Also, “a little wonky” helps address concerns that audience members might already have about the issue. The phrase “a little wonky” is saying, when read in the context of the entire email, “Sure, the bill isn’t perfect—nothing is—but its merits outweigh its defects.”
Now let’s check out the next paragraph:
The nonpartisan experts who estimate the financial impact of legislation for Congress concluded that because undocumented immigrants will start paying more in taxes for things like education and Social Security, the immigration proposal in the Senate will make the economy fairer for middle class families while cutting the U.S. deficit by almost $1,000,000,000,000 over the next two decades.
These are not just “experts,” but “nonpartisan experts.” This is a carefully chosen phrase. We like things to be nonpartisan because we like things to be unbiased. We are more likely to trust the authors when they tell us that they are using “nonpartisan” (read “unbiased”) sources. Is “nonpartisan” equivalent with unbiased, however? I don’t know. I don’t think we have enough information here to answer that question. But it’s easy to think they mean the same thing in this context.
Note the careful word choice here, too: these are not “illegal” but “undocumented” immigrants. “Illegal” is a negative term, and the authors of this email want to stay positive.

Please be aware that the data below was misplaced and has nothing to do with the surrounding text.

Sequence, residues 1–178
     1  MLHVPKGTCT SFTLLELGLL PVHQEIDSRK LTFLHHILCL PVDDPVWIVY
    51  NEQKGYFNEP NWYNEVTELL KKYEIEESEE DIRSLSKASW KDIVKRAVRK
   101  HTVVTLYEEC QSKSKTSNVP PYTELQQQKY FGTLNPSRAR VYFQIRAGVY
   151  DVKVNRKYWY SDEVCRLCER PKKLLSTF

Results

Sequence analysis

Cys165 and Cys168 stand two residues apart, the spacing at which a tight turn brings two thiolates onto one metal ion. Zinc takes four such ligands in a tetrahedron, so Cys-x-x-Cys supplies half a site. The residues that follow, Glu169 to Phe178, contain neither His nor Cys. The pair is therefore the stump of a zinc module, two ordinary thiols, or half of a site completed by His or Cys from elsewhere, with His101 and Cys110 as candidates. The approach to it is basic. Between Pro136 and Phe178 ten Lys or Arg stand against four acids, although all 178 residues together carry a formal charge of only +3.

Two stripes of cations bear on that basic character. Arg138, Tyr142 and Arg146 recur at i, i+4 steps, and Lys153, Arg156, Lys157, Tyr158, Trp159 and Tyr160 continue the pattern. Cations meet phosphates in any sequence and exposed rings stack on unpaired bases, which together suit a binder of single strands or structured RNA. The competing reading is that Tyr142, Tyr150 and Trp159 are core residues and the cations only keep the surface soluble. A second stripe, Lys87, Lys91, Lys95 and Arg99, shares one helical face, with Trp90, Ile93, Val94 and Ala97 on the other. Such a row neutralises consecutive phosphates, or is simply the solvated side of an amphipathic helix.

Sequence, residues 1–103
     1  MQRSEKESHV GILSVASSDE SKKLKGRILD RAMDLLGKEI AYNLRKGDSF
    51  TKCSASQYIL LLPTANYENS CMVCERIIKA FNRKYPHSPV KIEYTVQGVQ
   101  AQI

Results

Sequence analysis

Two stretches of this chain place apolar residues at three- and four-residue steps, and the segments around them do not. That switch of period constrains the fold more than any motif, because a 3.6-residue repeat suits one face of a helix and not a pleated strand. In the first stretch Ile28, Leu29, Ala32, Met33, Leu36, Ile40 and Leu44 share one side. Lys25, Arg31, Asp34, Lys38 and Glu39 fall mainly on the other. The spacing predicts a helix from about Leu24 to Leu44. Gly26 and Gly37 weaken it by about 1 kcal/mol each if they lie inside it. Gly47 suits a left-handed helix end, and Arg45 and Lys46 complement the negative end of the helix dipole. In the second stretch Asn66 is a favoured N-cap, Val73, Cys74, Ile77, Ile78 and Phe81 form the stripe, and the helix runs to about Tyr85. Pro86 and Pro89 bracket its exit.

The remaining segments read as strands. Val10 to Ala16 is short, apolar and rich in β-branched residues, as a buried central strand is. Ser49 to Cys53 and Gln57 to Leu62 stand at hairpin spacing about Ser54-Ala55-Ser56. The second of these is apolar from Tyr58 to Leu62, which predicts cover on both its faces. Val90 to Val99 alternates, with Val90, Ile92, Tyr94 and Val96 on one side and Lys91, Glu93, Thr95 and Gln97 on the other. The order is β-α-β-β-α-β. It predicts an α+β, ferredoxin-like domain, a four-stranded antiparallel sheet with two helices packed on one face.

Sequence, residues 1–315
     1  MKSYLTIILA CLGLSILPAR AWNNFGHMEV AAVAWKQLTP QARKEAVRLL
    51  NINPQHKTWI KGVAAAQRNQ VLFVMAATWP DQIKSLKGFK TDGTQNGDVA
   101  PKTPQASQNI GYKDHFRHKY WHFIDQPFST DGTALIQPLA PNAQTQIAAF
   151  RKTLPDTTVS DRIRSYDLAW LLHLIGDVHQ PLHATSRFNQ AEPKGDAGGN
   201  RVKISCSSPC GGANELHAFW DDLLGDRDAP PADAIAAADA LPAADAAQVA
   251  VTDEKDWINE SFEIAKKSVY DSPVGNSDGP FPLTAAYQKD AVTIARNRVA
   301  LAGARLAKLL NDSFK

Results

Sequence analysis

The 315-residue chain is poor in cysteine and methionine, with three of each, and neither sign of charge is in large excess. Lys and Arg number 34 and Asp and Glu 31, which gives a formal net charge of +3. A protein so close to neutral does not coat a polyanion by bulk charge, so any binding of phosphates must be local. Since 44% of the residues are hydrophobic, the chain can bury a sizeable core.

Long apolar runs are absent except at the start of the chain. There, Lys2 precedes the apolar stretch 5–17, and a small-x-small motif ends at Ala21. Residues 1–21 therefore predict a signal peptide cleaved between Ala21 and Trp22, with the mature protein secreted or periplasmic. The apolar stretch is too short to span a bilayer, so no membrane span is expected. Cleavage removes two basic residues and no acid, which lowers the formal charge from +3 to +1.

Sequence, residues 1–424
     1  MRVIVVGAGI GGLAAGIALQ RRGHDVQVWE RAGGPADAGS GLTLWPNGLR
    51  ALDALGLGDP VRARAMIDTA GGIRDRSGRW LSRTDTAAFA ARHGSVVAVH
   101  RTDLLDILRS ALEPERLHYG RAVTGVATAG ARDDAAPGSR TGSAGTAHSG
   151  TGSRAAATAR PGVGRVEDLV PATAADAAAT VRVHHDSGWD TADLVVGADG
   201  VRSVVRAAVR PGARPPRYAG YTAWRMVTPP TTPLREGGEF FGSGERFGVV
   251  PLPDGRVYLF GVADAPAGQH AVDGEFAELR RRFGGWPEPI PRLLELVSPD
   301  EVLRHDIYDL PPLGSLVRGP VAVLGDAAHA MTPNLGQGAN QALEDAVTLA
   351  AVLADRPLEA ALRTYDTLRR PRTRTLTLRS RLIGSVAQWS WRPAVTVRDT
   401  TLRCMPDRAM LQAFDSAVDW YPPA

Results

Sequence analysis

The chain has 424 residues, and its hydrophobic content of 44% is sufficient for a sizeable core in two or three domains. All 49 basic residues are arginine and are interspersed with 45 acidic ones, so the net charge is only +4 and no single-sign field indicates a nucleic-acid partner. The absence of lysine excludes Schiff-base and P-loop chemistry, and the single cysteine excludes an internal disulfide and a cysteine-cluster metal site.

“for things like”
Here we have some simple yet somewhat vague language: “things like” tells us that things are being simplified into terms that we can understand, but there are also things that are unlisted. There is more going on here than we know, but it’s also being translated. If we trust the authors we trust their translation, and if we like the casual and optimistic tone, we may not even question word choices such as this one.
Spelling out the trillion is strategic: to see that many zeros on a page is impressive. It’s not every day that we see a number that big. “1,000,000,000,000” is physically longer (it takes more space on the page) than “a trillion.” Spelling the word out makes the concept seem bigger than if we just had “one trillion.” According to The White House’s Google+ page, the number is closer 897,000,000,000.